Investing should be easy – just buy low and sell high – but most of us have trouble following that simple advice. There are principles and strategies that may enable you to put together an investment portfolio that reflects your risk tolerance, time horizon, and goals. Understanding these principles and strategies can help you avoid some of the pitfalls that snare some investors.
Learning more about gold and its history may help you decide whether it has a place in your portfolio.
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Over time, different investments' performances can shift a portfolio’s intent and risk profile. Rebalancing may be critical.
Earnings season can move markets. What is it and why is it important?
A look at how variable rates of return impact investors over time.
For some, the social impact of investing is just as important as the return, perhaps more important.
Bonds may outperform stocks one year only to have stocks rebound the next.
Understanding how capital gains are taxed may help you refine your investment strategies.
Use this calculator to better see the potential impact of compound interest on an asset.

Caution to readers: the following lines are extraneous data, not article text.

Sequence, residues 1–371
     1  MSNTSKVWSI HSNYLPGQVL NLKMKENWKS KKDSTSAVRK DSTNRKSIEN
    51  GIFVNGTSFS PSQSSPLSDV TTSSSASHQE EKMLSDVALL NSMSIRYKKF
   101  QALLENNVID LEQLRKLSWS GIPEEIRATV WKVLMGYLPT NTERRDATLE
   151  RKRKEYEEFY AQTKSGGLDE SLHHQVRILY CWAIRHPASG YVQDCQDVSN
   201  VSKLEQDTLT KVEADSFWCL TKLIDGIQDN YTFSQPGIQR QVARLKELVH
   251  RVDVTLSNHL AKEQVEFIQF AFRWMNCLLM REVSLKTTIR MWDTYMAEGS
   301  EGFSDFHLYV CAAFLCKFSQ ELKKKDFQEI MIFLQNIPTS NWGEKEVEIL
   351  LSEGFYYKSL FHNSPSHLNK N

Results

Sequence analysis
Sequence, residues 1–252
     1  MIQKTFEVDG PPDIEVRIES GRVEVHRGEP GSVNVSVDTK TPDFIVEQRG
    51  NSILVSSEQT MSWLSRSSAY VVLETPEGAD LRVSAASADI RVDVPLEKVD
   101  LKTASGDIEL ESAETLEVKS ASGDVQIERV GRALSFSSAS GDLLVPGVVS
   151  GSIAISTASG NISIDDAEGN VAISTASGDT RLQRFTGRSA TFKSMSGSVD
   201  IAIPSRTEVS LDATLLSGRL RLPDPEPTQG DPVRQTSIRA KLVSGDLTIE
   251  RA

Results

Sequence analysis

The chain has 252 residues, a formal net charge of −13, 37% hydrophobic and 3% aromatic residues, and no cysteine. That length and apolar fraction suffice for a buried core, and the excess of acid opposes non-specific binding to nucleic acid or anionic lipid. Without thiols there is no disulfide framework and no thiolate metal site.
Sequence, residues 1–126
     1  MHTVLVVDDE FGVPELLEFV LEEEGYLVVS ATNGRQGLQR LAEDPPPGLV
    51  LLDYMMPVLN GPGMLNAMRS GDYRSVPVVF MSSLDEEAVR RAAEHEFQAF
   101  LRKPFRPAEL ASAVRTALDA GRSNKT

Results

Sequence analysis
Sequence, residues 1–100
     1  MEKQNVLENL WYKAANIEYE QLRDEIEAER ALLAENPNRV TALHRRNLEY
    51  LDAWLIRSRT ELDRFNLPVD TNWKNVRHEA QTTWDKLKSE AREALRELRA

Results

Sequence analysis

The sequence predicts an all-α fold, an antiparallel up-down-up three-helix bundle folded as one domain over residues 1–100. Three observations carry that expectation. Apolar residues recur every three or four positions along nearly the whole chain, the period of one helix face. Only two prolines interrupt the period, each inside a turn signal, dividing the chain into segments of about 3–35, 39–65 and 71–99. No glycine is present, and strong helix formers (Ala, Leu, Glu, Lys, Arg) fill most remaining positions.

This calculator can help you estimate how much you should be saving for college.
This questionnaire will help determine your tolerance for investment risk.
Estimate the potential impact taxes and inflation can have on the purchasing power of an investment.
Determine if you are eligible to contribute to a traditional or Roth IRA.
Use this calculator to compare the future value of investments with different tax consequences.
There are some smart strategies that may help you pursue your investment objectives
Principles that can help create a portfolio designed to pursue investment goals.
How will you weather the ups and downs of the business cycle?
Pundits say a lot of things about the markets. Let's see if you can keep up.
Savvy investors take the time to separate emotion from fact.
Here is a quick history of the Federal Reserve and an overview of what it does.
It's easy to let investments accumulate like old receipts in a junk drawer.
What if instead of buying that vacation home, you invested the money?